AI projects: Why should you have several tools when one...Read More
what are the needs of the CDO ?
The Chief Data Officer (or CDO) function is becoming increasingly strategic within companies, especially in order to carry out their digital transformation.
To ensure the success of his projects, the CDO must act as a link between the company’s global strategy and each of the business lines that make up its organisation. In this way, he or she acts as the main vector of the digital culture within the company. While his role is important, it is no less difficult given the many obstacles encountered in carrying out his tasks.
So, what do CDOs need to manage AI projects? What are their needs and expectations in terms of artificial intelligence? This is what we discuss in this new article.
Bringing the trades together
The CDO’s priority is to get the business, IT and data teams to work together. To do this, it is necessary to implement a data–centric approach, and no longer a user-centric one. This approach places data at the heart of the company. It aims to have a unified and integrated vision of data for the entire organisation. In this way, each department has access to the same level of information. This enables data teams to be proactive, to respond more quickly to business requests and to reduce silos between departments.
This approach is shared by the business lines, which have a real desire to get involved in artificial intelligence projects. According to a survey conducted by TechRepublic Premium, 23% of respondents say that AI projects are co-managed by IT and the business, 19% only by IT. Having a collaborative platform becomes essential to improve this cooperation and make data projects more valuable!
Save time and improve agility
One of the main goals of AI is to gain time and agility to generate more value. This starts with data teams, who feel limited by their lack of resources. According to the TechRepublic Premium survey, 71% of CDO respondents have no more than three data managers, and 26% have none. This makes it difficult to deploy AI projects quickly and efficiently. As we have seen, data scientists spend too much time collecting and qualifying data.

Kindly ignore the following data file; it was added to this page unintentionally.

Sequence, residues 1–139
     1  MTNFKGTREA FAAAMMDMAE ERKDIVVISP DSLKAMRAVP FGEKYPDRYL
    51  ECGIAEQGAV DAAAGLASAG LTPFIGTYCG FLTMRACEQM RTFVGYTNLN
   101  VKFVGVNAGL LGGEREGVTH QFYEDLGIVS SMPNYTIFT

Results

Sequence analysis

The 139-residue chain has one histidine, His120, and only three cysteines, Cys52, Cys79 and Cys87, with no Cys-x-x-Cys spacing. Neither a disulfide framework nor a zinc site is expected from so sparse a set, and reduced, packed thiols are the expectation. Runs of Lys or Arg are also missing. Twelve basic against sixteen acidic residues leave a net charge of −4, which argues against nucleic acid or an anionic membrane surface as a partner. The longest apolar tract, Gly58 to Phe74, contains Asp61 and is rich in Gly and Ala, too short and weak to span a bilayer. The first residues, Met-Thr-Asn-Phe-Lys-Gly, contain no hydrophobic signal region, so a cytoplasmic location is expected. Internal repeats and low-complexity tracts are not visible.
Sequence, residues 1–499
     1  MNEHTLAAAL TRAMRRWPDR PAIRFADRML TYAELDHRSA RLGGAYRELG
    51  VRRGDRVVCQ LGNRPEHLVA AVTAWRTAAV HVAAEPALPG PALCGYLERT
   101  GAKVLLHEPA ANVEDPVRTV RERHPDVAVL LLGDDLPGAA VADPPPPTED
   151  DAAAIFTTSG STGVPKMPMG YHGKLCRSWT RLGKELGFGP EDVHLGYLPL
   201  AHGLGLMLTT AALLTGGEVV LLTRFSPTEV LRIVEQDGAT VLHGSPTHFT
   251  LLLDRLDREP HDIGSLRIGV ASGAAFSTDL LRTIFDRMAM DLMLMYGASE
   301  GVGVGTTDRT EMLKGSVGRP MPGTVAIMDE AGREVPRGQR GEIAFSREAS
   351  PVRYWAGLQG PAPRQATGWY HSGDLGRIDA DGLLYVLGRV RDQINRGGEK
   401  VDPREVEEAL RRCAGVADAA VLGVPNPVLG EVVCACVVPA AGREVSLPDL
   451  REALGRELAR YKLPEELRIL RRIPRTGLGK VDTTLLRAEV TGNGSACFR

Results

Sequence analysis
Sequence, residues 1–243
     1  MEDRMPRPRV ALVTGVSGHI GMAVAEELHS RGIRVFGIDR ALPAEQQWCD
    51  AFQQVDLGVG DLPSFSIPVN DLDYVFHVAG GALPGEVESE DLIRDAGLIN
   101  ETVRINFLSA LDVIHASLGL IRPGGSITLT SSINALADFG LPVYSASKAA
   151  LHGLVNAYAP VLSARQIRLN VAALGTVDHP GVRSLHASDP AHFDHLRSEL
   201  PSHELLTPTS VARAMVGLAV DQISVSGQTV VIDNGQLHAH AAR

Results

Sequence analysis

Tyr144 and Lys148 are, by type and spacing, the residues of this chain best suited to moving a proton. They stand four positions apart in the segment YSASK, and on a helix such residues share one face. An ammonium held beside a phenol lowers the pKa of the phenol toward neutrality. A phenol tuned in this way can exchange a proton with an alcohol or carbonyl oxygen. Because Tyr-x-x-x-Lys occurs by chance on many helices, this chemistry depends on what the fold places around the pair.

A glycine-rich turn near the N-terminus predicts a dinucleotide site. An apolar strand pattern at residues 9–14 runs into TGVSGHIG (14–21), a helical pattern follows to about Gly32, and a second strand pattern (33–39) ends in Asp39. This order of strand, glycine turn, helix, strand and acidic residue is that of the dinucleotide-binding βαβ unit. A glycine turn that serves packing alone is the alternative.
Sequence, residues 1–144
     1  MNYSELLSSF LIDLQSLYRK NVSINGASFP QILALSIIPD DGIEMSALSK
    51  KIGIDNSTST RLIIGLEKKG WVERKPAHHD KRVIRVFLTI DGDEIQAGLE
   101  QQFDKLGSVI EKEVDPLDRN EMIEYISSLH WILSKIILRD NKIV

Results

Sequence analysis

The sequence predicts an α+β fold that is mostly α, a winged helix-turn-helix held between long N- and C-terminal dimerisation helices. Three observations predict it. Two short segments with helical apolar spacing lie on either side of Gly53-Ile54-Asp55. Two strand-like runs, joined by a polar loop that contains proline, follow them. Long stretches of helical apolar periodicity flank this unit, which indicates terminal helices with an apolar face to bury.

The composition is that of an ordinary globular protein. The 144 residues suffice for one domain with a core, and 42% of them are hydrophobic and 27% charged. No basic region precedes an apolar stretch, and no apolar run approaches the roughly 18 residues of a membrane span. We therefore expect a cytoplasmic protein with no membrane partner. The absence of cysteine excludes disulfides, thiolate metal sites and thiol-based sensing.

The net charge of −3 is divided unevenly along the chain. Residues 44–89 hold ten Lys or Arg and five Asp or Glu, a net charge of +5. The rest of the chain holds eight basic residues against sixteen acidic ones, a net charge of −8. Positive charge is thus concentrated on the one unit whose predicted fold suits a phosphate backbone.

To save time, they must be able to :
- Quickly carry out a POC to assess the feasibility and value of a project through a Fail fast approach. This also helps to avoid getting lost if the project is not relevant and to justify the budget.
- Set up an end-to-end environment to have an integrated framework from data collection to the production of predictive AI models.
- Interfacing AI solutions with the existing information system, to facilitate access to reliable and relevant data without re-keying. This accelerates the transition from the POC phase to production.
It is therefore necessary to optimise these processes, with the implementation of a data governance strategy, but also the deployment of adapted tools.
Making AI projects profitable
Despite the rise of AI within companies, 76% of organisations surveyed are not yet measuring a positive ROI on their investments. To change this trend, CDOs first need to focus on usage, have a methodology to choose the right use cases and capture emerging opportunities knowing that they can then industrialise them.
In order to make projects profitable, the CDO needs a solution that allows them to capitalise on existing algorithms and models already developed so that they are not starting from scratch for each new project. He must be able to test models, prototype quickly… in summary, do in a few months what used to take a year.